Though it seems logical these would be an exception to the rule, it doesn’t appear so. At least one source, Forbes, reports that authorized user status does count toward the 5/24 rule. Like all other exceptions on this list, it’s at best pure speculation since Chase doesn’t publish specific guidelines.

If you’ve been added as an authorized user on any credit cards within the past 24 months, you can request the removal of authorized status. You’ll need to discuss this with the primary account holder, as well as the issuing bank. But you may also need to contact the three credit bureaus yourself to have the status changed immediately.

3. Pre-approved offers received in the mail

There are reports from users on Reddit that Chase will approve you for a preapproved offer sent to you in the mail, even if you have reached the 5/24 limit. But reports from other sources indicate this applies only if the credit card is offered at a fixed rate APR.

Of course, the major disadvantage here is that these offers must originate from Chase. There’s nothing you can do either to encourage such an offer or be certain it will include a fixed APR.

4. Pre-approved offers in your Chase account or Chase app

Here again, we have Reddit users coming to the rescue on this question. But be advised the entries are three years old and may no longer apply. However, Redditors report that the 5/24 rule could be bypassed if the offer in the app includes the wording “You’re Already Approved.” And once again, this may apply only to fixed-rate cards, not variable APRs.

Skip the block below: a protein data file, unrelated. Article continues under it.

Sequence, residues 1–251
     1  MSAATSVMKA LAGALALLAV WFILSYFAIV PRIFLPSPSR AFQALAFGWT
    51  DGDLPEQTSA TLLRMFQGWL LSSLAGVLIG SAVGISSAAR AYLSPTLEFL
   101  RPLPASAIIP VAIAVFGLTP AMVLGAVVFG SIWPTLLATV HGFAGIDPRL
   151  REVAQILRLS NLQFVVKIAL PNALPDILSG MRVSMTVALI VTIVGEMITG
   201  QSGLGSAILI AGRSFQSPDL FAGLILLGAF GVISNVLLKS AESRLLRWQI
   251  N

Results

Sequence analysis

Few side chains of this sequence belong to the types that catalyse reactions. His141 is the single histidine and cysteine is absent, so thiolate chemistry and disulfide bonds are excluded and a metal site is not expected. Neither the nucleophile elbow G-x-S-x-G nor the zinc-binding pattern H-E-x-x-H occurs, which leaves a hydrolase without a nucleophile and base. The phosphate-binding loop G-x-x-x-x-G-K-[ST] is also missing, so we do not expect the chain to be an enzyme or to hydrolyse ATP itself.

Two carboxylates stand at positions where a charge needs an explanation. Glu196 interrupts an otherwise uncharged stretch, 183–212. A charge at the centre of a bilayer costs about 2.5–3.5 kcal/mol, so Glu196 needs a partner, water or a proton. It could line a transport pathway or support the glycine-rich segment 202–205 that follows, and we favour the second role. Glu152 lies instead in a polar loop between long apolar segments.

5. In-branch pre-approval

We did find one applicant on Reddit reporting applying for a card in branch can help you get approved even if you’re over 5/24. Another article mentions you must be told by a bank branch employee that you have been pre-approved for a credit card for this to work. This is the only source we were able to find making such a claim. Personal intervention may get rules bent even in complex financial organizations, like Chase. However, there’s a lack of others confirming success with this method.

6. New to Chase

We’re seeing posts on Reddit reporting some applicants being approved for a Chase card while also being above 5/24. From the information on this Reddit thread, applicants at 8/24 and 9/24 were recently approved. What’s the catch? It seems if you don’t already own a Chase-branded credit card, the 5/24 rule may not apply to you. Here’s a list of those Chase-branded cards:

How To Find Out If the Chase 5/24 Rule Can Affect Your Application

If you’re going to apply for a credit card with Chase and you’re not sure if you’re bumping up against the 5/24 rule, it’s best not to wing it. While you may only count four new cards in the past 24 months, it could be five or more when you consider cards you may have obtained on-the-fly, like merchant cards, travel cards, or affinity cards, like AARP.

The best way to find out is to order your credit report from all three credit bureaus. You can do that from a website called AnnualCreditReport.com, which is the only source authorized to provide your official credit report from all three bureaus. It’s also free of charge if you order no more than one report from each bureau each year.

Once you receive the report, carefully examine entries for all credit cards. Look, especially at the “date opened” entry for each credit card and those that occurred within the past 24 months.

That’s the only way to know for sure if you will qualify for a Chase card without violating the rule.

What To Do If You’re Over the Chase 5/24 Rule